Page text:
I like having smoke detectors. I do. Especially since my parents’ house burned down. I’m a little paranoid. This is a bigger house than our old one. Yes, it’s newer, but that doesn’t mean things can’t catch on fire. We’re just lucky the lightening that hit our house and put a hole in the roof, didn’t catch anything on fire! If it had, I would hope the smoke detectors would have gone off and my daughter, home alone, would have safely gotten her and the critters out.

However, the way the ones we have now work, we’d all burn up.

We have several detectors and they are all hardwired into the electricity of the house, and some of them then also have a battery backup. It’s this that causes the problem. I’m used to the detectors that give you a polite little ‘beep’ every few minutes until you change them. They start off beeping far apart, getting closer together the longer you ignore them. Yet, they still maintain that quiet, polite, little ‘beep’.

The ones we have now give you no warning except to go off screaming – in the middle of the night. They all go off blaring loudly for about a 3 second interval and that, my friends, is your FIRST warning. I learned after that first time not to ignore the warning, but got right to it and replaced all the batteries. I did it over Memorial Weekend. You know, just a few short months ago. I remember checking the battery expiration dates to be sure they were still good – yes, they were all good until 2010. Should make it a year, then, huh? So… why did the alarm go off last night? Not, I might add, for the three-second warning, but for the full blaring 10-minute-until-I-could-pull-the-plug warning? …and yes, I checked. I found no fire. Also, there is no way to tell which one is the bad battery, as they all go off if one goes off. So, you either change them all or hit and miss.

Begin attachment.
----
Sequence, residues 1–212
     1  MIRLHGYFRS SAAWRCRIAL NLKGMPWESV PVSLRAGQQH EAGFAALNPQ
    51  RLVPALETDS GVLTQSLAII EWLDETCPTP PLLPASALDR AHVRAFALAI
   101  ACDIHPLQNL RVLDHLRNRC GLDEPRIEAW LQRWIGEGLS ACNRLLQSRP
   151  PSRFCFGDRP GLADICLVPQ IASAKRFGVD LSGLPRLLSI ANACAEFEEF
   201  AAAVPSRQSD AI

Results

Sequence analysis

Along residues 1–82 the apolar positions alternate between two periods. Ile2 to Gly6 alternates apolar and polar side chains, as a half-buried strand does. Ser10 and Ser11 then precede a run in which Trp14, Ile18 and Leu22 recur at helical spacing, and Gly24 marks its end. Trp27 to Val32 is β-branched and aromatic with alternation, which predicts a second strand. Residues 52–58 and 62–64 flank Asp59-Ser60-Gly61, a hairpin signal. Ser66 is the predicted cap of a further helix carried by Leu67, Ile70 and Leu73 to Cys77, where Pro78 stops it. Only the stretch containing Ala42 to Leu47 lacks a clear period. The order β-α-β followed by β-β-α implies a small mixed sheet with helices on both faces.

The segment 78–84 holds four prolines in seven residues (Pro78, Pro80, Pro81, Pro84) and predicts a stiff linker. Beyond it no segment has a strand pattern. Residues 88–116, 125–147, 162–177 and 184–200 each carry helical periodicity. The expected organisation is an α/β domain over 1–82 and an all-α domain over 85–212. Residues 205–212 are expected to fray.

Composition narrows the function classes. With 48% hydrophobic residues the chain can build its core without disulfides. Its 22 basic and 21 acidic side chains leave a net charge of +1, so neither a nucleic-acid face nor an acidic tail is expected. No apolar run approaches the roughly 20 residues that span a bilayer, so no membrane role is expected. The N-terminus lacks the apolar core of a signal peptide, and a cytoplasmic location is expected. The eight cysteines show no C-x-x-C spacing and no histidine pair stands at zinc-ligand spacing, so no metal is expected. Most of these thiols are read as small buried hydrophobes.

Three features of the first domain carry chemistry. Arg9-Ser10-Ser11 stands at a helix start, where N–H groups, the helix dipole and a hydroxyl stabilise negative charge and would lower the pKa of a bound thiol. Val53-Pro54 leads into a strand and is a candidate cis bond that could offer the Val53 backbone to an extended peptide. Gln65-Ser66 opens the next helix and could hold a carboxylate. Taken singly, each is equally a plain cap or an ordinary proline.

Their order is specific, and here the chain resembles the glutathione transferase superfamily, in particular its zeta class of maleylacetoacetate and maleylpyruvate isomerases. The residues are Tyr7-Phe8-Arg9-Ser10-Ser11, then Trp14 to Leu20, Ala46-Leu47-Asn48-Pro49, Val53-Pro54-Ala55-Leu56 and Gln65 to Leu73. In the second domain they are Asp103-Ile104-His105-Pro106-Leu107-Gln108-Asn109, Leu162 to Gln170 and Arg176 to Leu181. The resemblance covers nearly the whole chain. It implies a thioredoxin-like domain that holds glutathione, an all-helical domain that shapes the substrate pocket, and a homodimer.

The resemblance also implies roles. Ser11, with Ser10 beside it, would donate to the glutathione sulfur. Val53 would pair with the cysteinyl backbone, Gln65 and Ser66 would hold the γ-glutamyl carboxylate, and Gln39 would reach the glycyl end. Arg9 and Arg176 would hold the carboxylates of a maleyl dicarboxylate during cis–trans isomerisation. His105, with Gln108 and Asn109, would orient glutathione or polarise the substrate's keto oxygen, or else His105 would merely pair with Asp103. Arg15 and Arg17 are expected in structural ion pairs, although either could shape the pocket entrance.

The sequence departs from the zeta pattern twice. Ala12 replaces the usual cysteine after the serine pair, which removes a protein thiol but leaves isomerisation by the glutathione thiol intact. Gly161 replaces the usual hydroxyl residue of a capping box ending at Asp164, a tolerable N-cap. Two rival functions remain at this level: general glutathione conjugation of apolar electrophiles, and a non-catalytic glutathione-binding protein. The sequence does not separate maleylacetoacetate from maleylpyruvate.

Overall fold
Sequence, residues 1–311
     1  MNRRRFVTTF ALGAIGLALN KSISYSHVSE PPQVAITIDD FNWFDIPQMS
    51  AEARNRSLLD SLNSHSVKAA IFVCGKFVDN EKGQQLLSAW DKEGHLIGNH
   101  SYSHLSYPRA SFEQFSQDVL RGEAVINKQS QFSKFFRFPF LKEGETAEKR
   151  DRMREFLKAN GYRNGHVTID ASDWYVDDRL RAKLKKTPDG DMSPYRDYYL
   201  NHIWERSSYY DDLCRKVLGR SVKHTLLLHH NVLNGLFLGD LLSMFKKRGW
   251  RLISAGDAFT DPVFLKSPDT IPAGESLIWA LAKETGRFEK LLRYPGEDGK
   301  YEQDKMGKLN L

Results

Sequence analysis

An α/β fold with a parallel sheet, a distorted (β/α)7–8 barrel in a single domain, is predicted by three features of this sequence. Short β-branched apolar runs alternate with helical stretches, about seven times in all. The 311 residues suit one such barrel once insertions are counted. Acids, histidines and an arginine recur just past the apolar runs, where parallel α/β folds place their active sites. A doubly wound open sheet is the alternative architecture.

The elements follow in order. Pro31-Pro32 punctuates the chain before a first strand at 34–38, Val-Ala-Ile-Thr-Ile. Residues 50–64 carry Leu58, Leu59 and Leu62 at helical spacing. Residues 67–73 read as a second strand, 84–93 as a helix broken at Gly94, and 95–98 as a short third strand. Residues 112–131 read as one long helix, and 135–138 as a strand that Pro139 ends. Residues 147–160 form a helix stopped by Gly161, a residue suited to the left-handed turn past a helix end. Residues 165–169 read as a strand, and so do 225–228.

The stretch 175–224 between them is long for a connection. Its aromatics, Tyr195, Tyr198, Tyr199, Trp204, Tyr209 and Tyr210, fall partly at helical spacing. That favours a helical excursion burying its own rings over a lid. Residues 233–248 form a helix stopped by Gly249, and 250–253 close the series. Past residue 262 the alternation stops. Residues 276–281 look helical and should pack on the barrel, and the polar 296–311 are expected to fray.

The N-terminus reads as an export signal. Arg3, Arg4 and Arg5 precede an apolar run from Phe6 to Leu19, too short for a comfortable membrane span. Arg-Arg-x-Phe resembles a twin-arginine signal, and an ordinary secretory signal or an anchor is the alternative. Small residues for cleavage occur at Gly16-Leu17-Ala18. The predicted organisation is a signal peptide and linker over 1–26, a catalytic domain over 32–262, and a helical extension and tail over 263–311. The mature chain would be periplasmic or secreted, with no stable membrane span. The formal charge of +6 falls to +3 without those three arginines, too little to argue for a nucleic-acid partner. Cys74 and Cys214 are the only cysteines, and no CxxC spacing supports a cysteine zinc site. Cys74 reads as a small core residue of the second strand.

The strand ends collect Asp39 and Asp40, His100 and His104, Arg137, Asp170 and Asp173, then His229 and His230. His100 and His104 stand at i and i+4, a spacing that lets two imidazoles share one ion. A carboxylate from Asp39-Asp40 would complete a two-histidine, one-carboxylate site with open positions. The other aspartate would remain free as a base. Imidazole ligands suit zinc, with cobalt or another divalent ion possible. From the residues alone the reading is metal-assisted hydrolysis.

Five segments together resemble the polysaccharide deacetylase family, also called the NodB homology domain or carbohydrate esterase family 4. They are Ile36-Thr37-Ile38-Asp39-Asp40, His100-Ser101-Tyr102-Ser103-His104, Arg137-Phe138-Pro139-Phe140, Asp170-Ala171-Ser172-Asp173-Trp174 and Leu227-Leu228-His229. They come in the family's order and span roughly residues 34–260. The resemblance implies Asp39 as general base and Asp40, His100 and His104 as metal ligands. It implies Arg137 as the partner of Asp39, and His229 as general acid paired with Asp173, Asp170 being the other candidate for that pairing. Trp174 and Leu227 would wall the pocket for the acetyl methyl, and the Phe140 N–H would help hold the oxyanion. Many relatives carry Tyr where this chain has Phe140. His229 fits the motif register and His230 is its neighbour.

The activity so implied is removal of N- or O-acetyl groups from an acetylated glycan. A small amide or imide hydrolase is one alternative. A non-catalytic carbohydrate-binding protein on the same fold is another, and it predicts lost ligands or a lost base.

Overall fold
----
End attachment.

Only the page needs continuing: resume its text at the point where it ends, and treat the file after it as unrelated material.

Which brings me back to the boy and the wolf. Instead of spending 10 minutes trying to figure out what was burning, I should be getting my family and critters out of the house, then trying to figure out what is burning. I should be able to rely on the fact that something is actually wrong… (and, no, they don’t put them near kitchens anymore because they know people are always setting them off burning the toast.) Not to mention the middle-of-the-night jolt of adrenaline that I did NOT need and didn’t leave my system for a good three hours.

As top-of-the-line as I’m sure these detectors are, I don’t want them. I promise to change them once a year. I promise to pay attention if they politely beep at me to tell me “this one has a bad battery and it’s gone down before the year has expired”. I just don’t need any more false alarms.